Movie Interview by Reece De Ville
Question and answer with director Douglas McGrath and actors Charlie Hunnam and Jamie Bell.
The character of Smike involves a lot of physical dexterity, how difficult was it for you to get into the part?
JAMIE BELL: It was fairly difficult as I'd lose about 3 foot to get into the position. By the end of the first week it was pretty bad, my ankles were all swollen. But as a dancer I'm pretty used to it.
DOUGLAS McGRATH: May I say how on behalf of Jamie how committed he was. If you watch him you'll see how he's standing on the sides of his feet, all the way over on the side. The only way he could keep his balance was to throw his body from side to side and very quickly you notice how it throws your back out. We had to teach him some stretches and make sure that in between filming, he did stretch. We'd see him standing in position as Smike and we'd think 'we've killed him!' The film's about child cruelty, but we thought we'd better draw the line!
Did you leave anything out that you really didn't want to, scenes wise?
DOUGLAS McGRATH: Yes it was painful, but going in I knew that was the job. So, it was painful but I accepted it. And it wasn't as painful as I had written about. I always knew that the film wouldn't contain all of the characters, and would only serve as a walking talking supplement to the book. You hope that it is pleasing on its own terms.
Am I right in saying that the UK version is 25 minutes longer than the US version?
DOUGLAS McGRATH: No. They're both exactly the same length. It's the time change!
Obviously Nicholas isn't gay, but isn't this a love story more about Nicholas and Smike than it is Nicholas and Madeline?
DOUGLAS McGRATH: Everything that happens to Nicholas is only able to happen out of his relationship with Smike, which is almost a father-son relationship. At the beginning of the film, Nicholas is a boy and dependent on his father, he loses his father and feels more a child than ever - he says this at one point in the film. But then he acquires a dependent of his own, he finds this young boy who needs his help. And in caring for Smike he becomes, in many ways, a father himself. So, it's that kind of unconditional love that a parent has for a child that exists between them. That's what I think.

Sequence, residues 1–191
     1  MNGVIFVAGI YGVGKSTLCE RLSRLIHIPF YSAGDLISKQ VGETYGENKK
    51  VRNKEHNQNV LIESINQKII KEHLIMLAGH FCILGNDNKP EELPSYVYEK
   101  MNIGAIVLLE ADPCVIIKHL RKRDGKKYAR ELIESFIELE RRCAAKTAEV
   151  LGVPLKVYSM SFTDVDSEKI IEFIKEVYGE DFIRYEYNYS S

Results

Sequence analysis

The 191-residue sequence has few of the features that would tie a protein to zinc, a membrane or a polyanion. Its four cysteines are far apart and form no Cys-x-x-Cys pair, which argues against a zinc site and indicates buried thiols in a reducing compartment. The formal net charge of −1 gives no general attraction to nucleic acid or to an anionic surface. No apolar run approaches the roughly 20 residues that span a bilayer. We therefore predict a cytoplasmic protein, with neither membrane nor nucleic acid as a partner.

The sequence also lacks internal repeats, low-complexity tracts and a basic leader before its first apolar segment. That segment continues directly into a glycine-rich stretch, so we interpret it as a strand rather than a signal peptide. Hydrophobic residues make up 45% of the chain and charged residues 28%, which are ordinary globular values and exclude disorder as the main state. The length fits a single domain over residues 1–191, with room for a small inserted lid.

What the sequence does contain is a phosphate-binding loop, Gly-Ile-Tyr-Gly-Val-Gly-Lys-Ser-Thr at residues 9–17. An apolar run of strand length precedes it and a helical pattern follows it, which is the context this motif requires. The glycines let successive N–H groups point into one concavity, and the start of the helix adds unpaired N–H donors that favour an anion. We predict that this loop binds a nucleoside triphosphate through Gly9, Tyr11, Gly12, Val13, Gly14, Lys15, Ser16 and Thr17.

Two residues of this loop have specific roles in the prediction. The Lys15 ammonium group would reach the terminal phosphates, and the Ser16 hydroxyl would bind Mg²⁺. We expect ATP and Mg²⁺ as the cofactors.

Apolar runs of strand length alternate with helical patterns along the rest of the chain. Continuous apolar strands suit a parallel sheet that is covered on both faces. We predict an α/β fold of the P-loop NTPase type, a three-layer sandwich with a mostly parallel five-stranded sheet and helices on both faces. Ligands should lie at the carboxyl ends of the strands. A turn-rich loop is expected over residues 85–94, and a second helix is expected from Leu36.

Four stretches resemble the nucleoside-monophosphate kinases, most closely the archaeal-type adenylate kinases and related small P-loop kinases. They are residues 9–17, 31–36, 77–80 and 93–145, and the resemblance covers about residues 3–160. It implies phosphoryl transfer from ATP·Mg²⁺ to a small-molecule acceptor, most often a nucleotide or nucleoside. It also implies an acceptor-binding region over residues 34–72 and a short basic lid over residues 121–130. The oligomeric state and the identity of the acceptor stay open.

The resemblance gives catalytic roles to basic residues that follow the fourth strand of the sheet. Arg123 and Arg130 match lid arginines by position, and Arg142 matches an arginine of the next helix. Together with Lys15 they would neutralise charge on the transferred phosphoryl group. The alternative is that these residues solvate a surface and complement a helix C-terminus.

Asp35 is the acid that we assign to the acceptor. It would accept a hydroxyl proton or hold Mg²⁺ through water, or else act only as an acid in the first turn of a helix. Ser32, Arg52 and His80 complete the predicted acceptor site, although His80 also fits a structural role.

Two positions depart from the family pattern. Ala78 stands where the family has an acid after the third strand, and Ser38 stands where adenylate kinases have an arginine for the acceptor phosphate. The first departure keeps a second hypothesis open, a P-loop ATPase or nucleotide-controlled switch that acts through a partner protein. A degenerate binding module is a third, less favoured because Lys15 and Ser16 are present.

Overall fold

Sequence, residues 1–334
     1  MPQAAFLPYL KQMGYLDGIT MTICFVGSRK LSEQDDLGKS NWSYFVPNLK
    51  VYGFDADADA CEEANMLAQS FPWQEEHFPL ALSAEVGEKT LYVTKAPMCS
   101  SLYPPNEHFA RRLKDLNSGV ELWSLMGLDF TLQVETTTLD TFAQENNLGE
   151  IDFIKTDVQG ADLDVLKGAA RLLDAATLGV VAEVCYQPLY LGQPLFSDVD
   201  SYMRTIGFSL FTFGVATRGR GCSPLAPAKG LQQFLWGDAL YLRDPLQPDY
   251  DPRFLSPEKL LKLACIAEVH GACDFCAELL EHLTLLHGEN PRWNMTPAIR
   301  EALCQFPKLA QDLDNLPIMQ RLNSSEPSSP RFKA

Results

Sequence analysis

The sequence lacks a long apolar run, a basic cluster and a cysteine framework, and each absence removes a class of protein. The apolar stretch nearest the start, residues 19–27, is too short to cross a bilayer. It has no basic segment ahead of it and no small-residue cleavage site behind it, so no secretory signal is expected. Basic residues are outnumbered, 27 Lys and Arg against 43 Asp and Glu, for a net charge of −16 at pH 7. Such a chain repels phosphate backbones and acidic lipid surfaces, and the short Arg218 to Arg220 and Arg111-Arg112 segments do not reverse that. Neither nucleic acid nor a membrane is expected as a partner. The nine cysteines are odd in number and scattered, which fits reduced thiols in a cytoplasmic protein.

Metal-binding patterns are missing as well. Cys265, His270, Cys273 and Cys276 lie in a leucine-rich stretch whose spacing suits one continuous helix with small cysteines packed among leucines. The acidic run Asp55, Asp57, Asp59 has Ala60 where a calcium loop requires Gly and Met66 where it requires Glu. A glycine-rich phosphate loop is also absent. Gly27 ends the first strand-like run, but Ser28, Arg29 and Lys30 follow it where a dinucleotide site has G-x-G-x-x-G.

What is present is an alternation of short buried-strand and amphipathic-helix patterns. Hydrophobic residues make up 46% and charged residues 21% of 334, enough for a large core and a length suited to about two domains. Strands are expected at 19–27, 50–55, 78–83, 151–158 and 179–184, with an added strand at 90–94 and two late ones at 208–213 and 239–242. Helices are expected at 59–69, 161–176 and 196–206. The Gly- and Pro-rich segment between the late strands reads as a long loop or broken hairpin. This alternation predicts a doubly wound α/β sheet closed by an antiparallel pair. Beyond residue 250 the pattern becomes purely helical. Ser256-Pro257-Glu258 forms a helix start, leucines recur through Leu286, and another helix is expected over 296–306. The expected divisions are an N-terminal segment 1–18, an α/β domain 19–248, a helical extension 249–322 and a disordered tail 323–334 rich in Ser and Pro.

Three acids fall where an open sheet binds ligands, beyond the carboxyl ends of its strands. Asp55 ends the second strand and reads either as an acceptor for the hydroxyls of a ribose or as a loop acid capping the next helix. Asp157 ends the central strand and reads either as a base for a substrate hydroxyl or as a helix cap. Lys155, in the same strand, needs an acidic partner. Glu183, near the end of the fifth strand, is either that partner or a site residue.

What was it about Charlie and Jamie that made you cast them?
DOUGLAS McGRATH: In the case of Charlie, we spent a long time together. And he had a dynamic quality that was mixed with, superficially, an innocence that we wanted for Nicholas. I felt it was very important that the actor playing Nicholas be the right age, as they never seem to get that quite right in other productions. We had a fantastic time together, and we needed someone strong to guide us through all of these weird characters, and he seems to have a sincerity and sweetness that was really important.
In Jamie's case, I had seen BILLY ELLIOT and he came and we talked. Christopher Plummer said to me the thing that I felt best explains why Jamie is so good in the role, which is when I told Christopher that I had cast Jamie, he said "Great". I said why is that? He said "Because he's from the North and he'll play it tough. He won't ask for any pity from the audience, but will get it by playing it straight". I saw a lot of Smike's before Jamie, and not one came close as no one played with the truth of the part.